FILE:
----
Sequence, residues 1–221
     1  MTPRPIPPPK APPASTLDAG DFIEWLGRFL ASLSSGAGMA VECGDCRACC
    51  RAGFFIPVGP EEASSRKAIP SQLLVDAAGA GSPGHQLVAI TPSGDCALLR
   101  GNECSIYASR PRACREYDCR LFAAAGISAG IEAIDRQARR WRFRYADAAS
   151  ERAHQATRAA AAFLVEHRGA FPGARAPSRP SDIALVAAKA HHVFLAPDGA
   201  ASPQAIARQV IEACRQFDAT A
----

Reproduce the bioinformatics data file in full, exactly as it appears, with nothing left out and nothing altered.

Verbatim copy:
Sequence, residues 1–221
     1  MTPRPIPPPK APPASTLDAG DFIEWLGRFL ASLSSGAGMA VECGDCRACC
    51  RAGFFIPVGP EEASSRKAIP SQLLVDAAGA GSPGHQLVAI TPSGDCALLR
   101  GNECSIYASR PRACREYDCR LFAAAGISAG IEAIDRQARR WRFRYADAAS
   151  ERAHQATRAA AAFLVEHRGA FPGARAPSRP SDIALVAAKA HHVFLAPDGA
   201  ASPQAIARQV IEACRQFDAT A